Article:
SERNAGEOMIN - Servicio Nacional de Geologia y Mineria (Chile)

SIGMET - Significant Meteorological Information

SNET - Servicio Nacional de Estudios Territoriales (El Salvador)

SVERT - Sakhalin Volcanic Eruption Response Team (Russia)

USAID - US Agency for International Development

USGS - United States Geological Survey

UTC - Coordinated Universal Time

VAAC - Volcanic Ash Advisory Center

VAFTAD - Volcanic Ash Forecast Transport And Dispersion

VDAP - Volcano Disaster Assistance Program (USGS)

VHP - Volcano Hazards Program (USGS)

VRC - Volcano Research Center (Japan)

Report for Colima
Several explosions occurred at Colima during 1-7 June. On 1 June at 2350 and on 2 June at 0022 explosions produced plumes to heights of ~6.1 km (20,000 ft) a.s.l. The plumes drifted SSW, depositing ash in the towns of Colima and Villa de Alvarez. A large explosion on 5 June at 1420 produced pyroclastic flows, and generated an ash cloud to a height of ~8.9 km (29,200 ft) a.s.l. According to news reports, on 7 June officials in nearby Jalisco state announced a voluntary evacuation of the three villages nearest to the crater, and people in nearby towns were warned to be prepared to evacuate.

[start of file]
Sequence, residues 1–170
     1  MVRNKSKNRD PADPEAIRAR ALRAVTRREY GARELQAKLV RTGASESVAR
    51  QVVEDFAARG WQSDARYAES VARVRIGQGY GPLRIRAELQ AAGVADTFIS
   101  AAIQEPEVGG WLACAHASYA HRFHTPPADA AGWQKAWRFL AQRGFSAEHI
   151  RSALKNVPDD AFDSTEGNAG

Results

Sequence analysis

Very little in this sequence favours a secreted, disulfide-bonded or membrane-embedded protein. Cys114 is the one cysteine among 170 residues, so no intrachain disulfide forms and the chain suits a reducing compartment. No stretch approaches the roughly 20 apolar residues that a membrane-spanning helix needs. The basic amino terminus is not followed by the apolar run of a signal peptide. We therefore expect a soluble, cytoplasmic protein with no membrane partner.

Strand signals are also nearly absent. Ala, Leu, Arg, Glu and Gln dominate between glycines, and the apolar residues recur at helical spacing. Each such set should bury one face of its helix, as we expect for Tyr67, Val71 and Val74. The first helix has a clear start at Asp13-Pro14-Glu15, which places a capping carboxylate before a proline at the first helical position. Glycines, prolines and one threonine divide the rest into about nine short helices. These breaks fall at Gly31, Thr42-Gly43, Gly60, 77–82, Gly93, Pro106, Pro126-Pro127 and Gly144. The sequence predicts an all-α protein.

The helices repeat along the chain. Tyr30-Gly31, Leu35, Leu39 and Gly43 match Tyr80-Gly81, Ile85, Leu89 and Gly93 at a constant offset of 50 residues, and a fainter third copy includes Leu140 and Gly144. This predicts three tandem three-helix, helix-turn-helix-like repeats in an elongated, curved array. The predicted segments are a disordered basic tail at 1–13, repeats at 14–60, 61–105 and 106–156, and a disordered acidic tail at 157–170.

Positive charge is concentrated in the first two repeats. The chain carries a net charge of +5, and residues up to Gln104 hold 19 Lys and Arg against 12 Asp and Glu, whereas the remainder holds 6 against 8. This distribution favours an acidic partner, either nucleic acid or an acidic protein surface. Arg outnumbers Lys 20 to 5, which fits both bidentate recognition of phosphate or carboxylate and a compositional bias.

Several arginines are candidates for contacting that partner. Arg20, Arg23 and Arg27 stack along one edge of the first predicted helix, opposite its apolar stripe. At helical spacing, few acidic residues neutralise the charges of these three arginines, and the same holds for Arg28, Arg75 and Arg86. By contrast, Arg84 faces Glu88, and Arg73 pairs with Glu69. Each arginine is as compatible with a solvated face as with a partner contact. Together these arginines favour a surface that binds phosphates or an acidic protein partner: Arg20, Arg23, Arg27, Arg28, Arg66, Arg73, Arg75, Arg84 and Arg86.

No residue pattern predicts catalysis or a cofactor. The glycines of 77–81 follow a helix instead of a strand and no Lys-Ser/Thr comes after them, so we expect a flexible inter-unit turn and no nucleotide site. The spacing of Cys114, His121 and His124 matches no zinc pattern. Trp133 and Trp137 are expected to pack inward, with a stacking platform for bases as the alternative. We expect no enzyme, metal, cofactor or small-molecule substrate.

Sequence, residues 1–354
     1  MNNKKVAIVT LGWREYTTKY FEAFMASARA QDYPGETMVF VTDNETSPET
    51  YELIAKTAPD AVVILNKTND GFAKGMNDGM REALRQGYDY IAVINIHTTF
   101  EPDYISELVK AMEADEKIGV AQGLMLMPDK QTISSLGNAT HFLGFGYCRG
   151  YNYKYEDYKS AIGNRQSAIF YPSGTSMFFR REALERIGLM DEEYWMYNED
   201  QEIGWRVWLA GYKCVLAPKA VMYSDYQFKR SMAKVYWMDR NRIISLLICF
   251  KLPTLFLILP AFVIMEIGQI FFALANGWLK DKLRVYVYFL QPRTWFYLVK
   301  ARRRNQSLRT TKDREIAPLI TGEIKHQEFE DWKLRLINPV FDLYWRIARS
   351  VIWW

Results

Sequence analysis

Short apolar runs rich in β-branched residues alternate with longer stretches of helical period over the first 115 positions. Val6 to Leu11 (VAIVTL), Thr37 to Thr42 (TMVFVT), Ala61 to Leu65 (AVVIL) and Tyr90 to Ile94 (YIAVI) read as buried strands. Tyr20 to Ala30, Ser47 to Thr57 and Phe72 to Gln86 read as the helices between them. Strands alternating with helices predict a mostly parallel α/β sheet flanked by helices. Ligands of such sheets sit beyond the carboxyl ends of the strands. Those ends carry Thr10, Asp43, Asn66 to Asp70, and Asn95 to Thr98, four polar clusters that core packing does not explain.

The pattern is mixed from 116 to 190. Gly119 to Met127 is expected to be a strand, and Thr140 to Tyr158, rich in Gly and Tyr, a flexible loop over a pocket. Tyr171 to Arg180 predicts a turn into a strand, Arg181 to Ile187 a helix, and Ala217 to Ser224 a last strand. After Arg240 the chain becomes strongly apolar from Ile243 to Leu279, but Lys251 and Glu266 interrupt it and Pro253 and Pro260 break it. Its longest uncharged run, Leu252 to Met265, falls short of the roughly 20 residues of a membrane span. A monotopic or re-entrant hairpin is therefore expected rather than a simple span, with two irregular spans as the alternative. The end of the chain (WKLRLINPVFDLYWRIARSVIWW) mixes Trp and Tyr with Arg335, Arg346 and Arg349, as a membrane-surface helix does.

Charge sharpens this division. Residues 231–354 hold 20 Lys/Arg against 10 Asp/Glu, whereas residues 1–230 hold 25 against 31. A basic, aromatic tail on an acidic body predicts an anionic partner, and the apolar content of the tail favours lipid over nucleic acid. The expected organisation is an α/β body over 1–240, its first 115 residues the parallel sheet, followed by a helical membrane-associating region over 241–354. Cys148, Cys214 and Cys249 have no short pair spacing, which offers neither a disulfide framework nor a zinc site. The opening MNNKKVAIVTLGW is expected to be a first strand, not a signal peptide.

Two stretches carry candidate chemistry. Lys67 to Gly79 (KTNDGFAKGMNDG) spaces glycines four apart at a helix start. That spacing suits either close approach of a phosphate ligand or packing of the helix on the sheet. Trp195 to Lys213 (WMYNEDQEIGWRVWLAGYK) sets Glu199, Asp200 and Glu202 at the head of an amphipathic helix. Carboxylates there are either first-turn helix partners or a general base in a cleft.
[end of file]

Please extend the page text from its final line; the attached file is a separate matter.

Sources: Centro Universitario de Estudios e Investigaciones de Vulcanologia - Universidad de Colima, Washington Volcanic Ash Advisory Center (VAAC), Associated Press
Report for Aira
Based on information from JMA, the Tokyo VAAC reported that an explosion at Sakura-jima on 2 June at 0736 produced an ash cloud to an unknown height.
Source: Tokyo Volcanic Ash Advisory Center (VAAC)
Report for Anatahan
A gradual increase in the number of long-period (LP) earthquakes and tremor began at Anatahan on 5 June. Both LP and tremor events peaked during 2230-0030 on 6 June. During the peak in activity, more than 350 LP events occurred. Also, tremor amplitudes briefly reached a new high for the current eruptive activity and an ash column reached ~7.9 km (25,900 feet) a.s.l. On 6 June, tremor amplitudes returned to low levels. During the rest of 1-7 June, ash plumes reached a maximum height of 4.3 km (14,100 ft.) a.s.l.